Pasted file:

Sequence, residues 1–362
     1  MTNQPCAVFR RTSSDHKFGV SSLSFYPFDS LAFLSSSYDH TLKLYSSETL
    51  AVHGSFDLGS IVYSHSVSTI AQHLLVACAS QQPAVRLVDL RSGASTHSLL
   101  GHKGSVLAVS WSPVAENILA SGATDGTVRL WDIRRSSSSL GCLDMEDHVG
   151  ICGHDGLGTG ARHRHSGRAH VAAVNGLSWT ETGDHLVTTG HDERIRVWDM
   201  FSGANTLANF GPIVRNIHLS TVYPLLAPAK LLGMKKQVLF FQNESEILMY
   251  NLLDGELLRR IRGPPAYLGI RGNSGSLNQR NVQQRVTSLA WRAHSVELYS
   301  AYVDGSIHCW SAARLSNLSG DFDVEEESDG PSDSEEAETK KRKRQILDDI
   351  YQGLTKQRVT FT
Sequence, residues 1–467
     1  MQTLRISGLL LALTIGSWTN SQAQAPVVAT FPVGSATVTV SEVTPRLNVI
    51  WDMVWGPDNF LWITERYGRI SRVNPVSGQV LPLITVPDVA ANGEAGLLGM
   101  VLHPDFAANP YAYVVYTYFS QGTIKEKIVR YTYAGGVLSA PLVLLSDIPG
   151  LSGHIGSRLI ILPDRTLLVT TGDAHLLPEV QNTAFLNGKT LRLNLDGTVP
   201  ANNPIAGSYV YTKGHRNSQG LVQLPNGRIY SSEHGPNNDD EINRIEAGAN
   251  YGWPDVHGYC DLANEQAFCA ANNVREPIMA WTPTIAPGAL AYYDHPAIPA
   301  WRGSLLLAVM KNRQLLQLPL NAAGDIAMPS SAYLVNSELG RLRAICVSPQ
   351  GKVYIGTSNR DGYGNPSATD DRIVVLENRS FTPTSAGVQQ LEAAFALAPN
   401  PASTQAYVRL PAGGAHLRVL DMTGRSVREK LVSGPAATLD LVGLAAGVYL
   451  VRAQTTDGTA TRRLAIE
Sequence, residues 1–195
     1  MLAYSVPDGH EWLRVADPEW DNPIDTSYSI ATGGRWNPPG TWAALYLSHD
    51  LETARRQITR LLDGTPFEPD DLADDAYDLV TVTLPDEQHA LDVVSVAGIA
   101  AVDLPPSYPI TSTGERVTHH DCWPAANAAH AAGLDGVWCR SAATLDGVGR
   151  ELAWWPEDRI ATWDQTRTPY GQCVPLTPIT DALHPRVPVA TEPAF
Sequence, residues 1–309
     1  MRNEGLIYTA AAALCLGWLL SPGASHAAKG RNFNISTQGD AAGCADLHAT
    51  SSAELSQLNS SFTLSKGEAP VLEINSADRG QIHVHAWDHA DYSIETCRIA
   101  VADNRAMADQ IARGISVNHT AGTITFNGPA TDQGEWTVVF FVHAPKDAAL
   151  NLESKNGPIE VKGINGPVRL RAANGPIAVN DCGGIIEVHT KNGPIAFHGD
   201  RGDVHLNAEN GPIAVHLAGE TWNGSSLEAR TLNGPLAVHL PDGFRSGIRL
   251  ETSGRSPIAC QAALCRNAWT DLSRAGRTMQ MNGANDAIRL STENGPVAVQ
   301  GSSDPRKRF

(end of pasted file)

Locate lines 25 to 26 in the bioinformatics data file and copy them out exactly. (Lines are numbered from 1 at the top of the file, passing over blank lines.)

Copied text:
   151  ELAWWPEDRI ATWDQTRTPY GQCVPLTPIT DALHPRVPVA TEPAF
Sequence, residues 1–309